The principles are an early triumph for what the High Level Group advising the UN Secretary-General for the Rio+20 Earth Summit in 2012 called “‘a new political economy’ for sustainable development” because, as they said, it is at the juncture of politics, economics and the environment that a real understanding of sustainable development can be found. The Compact reaches across intellectual, organizational and institutional boundaries. It has at its heart what all political economists have strived for, to engage in a philosophical debate on the nature of economics and life, and relations between people, resources and contentment.
What is the Compact in practice?
There are two statements that get to the heart of this instrument. The first is from the then UN Secretary-General Kofi Annan in 2004, who said: ‘For some, the Compact is primarily a value proposition and an ethical framework. For others, it is a framework for learning how to build alliances with other participants in support of common goals’. The second statement is from the Compact’s ‘parents’, John Ruggie and Georg Kell, who in 2000, said: ‘The Global Compact has explicitly adopted a learning approach to inducing change, as opposed to a regulatory approach; and it comprises a network form of organisation, as opposed to the traditional hierarchic / bureaucratic form’. As they said: ‘These distinctive (and for the UN, unusual) features lead the Compact’s critics to seriously underestimate its potential, while its supporters may hold excessive expectations of what it can deliver’.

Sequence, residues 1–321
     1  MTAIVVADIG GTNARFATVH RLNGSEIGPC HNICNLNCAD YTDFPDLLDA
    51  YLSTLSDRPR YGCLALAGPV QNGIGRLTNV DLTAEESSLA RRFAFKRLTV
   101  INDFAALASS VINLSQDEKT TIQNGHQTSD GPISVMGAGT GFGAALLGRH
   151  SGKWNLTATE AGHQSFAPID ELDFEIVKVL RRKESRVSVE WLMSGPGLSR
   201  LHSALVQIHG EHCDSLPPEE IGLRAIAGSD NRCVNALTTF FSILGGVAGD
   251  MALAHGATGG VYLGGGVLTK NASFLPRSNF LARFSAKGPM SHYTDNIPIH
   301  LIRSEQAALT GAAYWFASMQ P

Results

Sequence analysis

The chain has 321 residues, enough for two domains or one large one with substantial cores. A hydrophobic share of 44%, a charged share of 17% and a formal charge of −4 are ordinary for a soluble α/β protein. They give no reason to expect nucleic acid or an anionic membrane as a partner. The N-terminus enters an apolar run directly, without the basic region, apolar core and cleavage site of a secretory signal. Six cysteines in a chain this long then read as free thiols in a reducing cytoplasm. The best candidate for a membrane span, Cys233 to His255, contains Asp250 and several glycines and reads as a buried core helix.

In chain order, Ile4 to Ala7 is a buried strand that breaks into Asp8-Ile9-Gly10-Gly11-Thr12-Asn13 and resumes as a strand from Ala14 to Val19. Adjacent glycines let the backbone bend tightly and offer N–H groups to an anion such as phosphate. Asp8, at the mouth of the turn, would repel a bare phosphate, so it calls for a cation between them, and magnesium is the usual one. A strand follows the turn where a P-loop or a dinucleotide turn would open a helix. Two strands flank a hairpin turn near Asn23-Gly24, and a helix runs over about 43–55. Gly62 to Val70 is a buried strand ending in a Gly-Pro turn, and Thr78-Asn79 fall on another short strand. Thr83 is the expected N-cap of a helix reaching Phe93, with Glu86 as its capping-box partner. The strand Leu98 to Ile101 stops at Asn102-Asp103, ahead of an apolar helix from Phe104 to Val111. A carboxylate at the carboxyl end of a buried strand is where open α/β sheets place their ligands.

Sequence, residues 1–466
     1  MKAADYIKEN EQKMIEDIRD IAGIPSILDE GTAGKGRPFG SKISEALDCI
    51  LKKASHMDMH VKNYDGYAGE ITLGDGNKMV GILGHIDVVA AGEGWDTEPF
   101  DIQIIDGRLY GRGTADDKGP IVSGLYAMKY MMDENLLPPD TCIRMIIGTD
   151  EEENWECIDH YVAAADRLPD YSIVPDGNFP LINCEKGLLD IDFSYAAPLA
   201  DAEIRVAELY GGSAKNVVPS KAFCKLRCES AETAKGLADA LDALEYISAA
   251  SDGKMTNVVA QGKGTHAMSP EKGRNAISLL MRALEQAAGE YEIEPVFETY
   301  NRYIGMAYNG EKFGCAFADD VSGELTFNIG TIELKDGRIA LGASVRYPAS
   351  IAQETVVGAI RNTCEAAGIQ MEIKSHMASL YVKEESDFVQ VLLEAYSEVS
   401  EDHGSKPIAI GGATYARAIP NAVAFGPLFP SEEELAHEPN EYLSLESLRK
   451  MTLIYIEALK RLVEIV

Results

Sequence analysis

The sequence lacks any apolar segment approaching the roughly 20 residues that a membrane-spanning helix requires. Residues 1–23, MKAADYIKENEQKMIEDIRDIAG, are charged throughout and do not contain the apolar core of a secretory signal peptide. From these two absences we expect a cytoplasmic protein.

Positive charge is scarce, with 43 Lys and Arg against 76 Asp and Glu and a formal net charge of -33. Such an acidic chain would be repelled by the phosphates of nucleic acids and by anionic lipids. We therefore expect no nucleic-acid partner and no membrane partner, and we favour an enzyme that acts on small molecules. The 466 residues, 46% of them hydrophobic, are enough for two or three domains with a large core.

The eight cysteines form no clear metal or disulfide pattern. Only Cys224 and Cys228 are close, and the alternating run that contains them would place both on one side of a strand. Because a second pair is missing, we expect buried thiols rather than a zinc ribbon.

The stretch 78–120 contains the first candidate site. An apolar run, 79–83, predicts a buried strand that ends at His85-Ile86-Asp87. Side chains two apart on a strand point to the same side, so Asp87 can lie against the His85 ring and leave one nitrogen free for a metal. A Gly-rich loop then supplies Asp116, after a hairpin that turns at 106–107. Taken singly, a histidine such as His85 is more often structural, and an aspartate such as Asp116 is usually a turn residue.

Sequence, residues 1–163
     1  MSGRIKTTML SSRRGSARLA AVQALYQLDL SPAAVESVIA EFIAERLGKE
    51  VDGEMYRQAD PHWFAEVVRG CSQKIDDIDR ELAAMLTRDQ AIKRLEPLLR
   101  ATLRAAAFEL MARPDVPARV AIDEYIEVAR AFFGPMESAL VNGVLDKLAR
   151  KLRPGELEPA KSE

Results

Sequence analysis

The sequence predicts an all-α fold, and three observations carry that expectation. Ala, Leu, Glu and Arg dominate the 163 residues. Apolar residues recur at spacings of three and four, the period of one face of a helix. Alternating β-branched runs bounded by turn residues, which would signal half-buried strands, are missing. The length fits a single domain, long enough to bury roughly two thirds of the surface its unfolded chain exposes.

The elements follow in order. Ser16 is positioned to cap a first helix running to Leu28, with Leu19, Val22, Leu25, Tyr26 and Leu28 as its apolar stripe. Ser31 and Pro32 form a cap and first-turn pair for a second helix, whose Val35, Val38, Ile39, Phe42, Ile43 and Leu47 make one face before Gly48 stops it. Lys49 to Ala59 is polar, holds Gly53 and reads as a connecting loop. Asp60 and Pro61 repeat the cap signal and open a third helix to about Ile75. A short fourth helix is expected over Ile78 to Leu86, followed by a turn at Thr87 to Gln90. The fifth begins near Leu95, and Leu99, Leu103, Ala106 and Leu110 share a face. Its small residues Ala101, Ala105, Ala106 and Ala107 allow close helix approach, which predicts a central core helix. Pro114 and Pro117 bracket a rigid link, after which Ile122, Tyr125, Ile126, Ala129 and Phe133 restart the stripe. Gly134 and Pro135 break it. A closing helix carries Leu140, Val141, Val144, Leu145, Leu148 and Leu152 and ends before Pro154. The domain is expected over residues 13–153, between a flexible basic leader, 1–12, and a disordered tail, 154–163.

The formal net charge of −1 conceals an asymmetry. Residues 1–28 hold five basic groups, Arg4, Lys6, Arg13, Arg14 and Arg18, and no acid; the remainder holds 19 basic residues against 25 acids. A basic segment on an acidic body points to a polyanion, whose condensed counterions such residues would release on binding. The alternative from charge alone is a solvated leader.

But, fundamentally, and this is not in any of the ruminations by Ruggie and Kell, it has been a learning tool for the UN system and many of the statists who work within the world’s only international governance body. There is still a vast lacuna when it comes to private and public policy understanding each other’s systems, processes, restraints and predilections.
How do corporates treat the Compact?
While the UNGC is touted as being ‘the world’s largest voluntary corporate citizenship’ this is so only because most of the companies understand that being ‘a corporate citizen’ accords with Peter Drucker’s statement in the 1950s that ‘corporate citizenship is about being an active member of society with rights and responsibilities’. In other words for most of these companies (but certainly not all, and certainly not those who have been delisted over the years) being a corporate citizen means following the four basic principles of corporate citizenship in that all organisations: